Members of Lev Tahor walk through their former community in Ste-Agathe-des-Monts, Quebec.

Kirk Neff / Global News

Six other Lev Tahor children are in Guatemala, according to Quebec Youth Protection’s Denis Baraby, who didn’t know where the remaining two children were located as of Thursday afternoon.

But Baraby said Trinidad authorities had taken passports away from the Lev Tahor group on the island, preventing them from leaving. He said they weren’t detained in a jail, but believed they were at a hotel.

“We are hoping to get the legal authorization to ask Trinidad to permit us to take the children back to Canada, but for the parents it’s another matter,” he said. “My understanding is that we need some kind of a warrant from courts in Canada and this will be applied to the dealings with the federal government through the Hague convention, which is the treaty that was signed by most nations regarding child welfare and protection.”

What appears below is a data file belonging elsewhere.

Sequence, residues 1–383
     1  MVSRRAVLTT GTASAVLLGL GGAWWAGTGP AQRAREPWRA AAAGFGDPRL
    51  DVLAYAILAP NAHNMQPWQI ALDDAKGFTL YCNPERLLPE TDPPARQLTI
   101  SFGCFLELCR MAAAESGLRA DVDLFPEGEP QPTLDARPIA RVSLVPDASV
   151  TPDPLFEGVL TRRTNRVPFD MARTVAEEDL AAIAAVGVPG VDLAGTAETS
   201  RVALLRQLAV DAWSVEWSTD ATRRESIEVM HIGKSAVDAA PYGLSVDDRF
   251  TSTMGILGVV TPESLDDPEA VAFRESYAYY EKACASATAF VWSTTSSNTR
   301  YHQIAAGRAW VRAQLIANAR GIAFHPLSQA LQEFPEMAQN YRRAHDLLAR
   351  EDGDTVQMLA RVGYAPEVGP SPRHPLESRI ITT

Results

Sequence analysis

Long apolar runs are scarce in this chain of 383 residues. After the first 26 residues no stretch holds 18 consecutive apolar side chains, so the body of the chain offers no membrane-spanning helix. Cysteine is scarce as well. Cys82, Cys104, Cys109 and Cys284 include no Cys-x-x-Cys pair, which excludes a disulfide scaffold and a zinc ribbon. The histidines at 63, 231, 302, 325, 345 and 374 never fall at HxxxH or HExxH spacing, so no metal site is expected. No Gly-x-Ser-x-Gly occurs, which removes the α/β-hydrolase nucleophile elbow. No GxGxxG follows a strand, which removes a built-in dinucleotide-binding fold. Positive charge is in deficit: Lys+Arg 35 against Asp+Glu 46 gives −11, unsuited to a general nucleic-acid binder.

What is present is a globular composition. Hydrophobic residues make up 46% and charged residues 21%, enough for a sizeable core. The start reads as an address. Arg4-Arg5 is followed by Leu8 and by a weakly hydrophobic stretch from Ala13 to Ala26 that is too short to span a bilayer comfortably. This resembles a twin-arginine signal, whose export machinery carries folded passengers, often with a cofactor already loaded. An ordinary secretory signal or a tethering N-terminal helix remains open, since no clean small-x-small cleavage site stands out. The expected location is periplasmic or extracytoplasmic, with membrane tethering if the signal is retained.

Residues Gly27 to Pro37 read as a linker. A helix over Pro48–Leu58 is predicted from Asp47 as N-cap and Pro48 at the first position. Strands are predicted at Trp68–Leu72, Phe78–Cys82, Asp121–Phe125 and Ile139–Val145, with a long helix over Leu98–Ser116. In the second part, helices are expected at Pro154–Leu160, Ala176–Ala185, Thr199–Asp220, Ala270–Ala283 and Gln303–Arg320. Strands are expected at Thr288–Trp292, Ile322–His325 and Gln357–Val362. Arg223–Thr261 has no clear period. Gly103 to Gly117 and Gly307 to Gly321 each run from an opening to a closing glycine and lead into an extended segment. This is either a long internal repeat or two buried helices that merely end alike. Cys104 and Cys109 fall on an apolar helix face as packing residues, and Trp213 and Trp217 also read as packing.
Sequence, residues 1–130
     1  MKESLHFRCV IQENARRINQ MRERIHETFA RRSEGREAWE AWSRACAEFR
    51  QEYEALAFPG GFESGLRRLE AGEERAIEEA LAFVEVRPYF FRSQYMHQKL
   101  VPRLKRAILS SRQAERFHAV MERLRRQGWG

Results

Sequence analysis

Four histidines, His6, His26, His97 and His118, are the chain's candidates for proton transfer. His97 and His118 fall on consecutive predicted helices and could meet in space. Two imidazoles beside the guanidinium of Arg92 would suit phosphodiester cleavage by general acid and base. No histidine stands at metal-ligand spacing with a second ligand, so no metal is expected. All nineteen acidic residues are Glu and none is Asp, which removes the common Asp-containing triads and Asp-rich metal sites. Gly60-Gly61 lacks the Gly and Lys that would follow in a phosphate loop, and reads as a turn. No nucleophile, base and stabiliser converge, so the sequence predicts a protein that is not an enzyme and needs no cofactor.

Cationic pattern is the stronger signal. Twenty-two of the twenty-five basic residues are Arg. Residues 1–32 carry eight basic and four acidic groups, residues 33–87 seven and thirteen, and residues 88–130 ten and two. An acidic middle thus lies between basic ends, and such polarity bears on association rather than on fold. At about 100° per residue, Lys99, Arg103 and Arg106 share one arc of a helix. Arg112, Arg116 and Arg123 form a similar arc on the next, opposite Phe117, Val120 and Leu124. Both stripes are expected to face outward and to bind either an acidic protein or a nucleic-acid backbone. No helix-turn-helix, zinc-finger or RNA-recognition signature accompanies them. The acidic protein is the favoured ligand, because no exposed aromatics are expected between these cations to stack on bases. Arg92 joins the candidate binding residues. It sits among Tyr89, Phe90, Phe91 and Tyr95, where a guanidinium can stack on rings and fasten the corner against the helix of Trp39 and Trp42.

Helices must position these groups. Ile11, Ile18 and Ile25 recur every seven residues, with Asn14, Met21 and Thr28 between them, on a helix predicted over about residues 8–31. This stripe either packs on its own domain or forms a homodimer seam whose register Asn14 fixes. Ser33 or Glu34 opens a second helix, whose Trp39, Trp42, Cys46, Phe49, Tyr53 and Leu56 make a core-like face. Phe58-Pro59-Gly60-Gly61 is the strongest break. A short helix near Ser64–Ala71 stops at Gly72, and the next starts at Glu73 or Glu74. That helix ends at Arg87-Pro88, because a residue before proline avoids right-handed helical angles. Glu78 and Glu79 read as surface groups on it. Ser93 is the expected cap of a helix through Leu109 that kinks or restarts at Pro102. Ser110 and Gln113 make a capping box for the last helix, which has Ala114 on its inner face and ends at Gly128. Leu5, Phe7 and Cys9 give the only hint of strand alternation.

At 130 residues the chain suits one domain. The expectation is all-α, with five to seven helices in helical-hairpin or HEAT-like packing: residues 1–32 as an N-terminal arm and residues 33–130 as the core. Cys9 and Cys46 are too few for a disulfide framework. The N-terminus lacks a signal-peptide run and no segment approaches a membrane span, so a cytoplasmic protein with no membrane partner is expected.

Baraby said Quebec Youth Protection is working with the Quebec crown attorney to see if criminal charges can be brought against the parents. He’s also working with Sûreté du Québec, whose staff is speaking to their “colleagues from Ontario to … take some measures to prevent them from leaving the country.”

He said the lawyer Lev Tahor hired in Trinidad will contest any decision that would send Lev Tahor back to Canada, and that international laws had to be respected. His next steps will depend on which province the group returns to.

“If they come in from Montreal, for sure we will take over,” he said. “In Quebec we are ready if there is a need for foster homes. We have worked with the Jewish community to find proper foster homes for these children.”